It's tempting to think that losing weight through cycling is so elementary a concept it requires no elaboration. Ride more and make a few changes to diet and lifestyle, and you're on your way, right? But of course it's not that simple, particularly if you're a beginner or are riding with purpose for the first time. (Search: Best beginner bikes) Who better, then, to share strategies for success than Bicycling readers who have shed anywhere from 40 to 230 pounds? These folks discarded the fad diets and took to the roads and grocery aisles to figure out what works.
Turn your bike into a powerful weight loss tool and Ride Your Way Lean!
With a job that kept him either on the road or behind a desk, Mark Morales's sedentary lifestyle and reliance on fast food piled on the weight. Eventually he hit 325 pounds. "You're just mucking along," he says. "You have no energy and you realize something's got to change." Plus: Find your ideal cycling weight and stay lean for life!
In August 2010 Morales decided to make a change. He cut alcohol and unhealthy foods from his diet and bought a bike. "It's a low-impact exercise, and I can ride from the house or use a trainer when the weather is bad or it's dark," he says. In about two years he whittled his weight to 180.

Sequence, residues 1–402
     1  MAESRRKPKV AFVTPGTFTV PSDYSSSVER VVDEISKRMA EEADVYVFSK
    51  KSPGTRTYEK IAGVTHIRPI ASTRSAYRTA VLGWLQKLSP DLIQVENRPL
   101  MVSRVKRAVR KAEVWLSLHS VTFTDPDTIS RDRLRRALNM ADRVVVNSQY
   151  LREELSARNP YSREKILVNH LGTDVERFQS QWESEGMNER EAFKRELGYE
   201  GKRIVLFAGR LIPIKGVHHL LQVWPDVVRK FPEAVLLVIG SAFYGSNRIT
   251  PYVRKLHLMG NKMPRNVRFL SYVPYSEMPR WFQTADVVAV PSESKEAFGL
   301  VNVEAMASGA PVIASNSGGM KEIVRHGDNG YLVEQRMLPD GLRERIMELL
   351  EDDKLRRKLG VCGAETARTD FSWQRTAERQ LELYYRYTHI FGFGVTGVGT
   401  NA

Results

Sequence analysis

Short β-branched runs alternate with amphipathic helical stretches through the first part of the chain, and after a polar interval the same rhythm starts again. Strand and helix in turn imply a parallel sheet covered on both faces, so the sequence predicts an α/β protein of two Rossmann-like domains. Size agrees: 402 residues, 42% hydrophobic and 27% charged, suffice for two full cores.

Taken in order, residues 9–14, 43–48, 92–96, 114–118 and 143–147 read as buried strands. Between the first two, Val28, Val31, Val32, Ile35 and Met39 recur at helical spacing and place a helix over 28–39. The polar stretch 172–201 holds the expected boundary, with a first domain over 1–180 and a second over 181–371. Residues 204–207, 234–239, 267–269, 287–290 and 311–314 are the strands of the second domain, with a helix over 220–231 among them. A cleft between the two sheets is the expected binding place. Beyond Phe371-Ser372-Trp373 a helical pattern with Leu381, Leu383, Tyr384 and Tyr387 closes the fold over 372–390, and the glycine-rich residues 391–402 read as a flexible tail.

Read Mark Morales's whole story!
As Nina Mosby entered motherhood she kept gorging like she had a baby on board. Over time her busy schedule--which made it difficult to make time for fitness and forced her to eat burgers on the fly--pushed her weight up to 265 pounds.
Free Guide: Cut 500 Calories
After a few failed attempts to lose weight, Mosby went on a ride in 2006 with her family, and she was hooked. "I realized, I like this," she says. "It reminds me of being a kid again." Fast forward almost seven years and countless miles later: Today Mosby clocks in at 165 pounds, leads a cycling group, and has an eight-day, 525-mile ride under her belt.
Luke Metcalf had always been a big kid, but it hit him flush in 2010 that weighing 435 pounds could be a roadblock to getting married, starting a family, having a successful career. Metcalf was overwhelmed at first, until he found a recumbent bike at the gym. "I said to myself, 'Hey, I used to go on bike rides when I was a kid,'" he recalls. In March 2012, his friends prodded him to buy a bike. He was blown away on his 18-mile maiden voyage. "It was more comfortable and natural and the ride went by so fast because there was such great scenery," he says. (Jumpstart your new year with the Best Gym Workout, Ever.)
Plus: Turn your bike into a powerful weight loss tool and Ride Your Way Lean!
Once riding, Metcalf's progress was meteoric. His most challenging and longest ride was also his best: Ohio's 164-mile Bike MS Pedal to the Point last August. Now at 205, having shed more than half his weight, he is lighter in more ways than one. He's on his way to a business degree, can ride roller coasters, and has the confidence to bring a date to a movie. "Riding takes me back to a place in childhood," he says, "when I didn't have the worries I have now."(Need some motivation? Check out our Tips to Help Keep You on Your Bike.)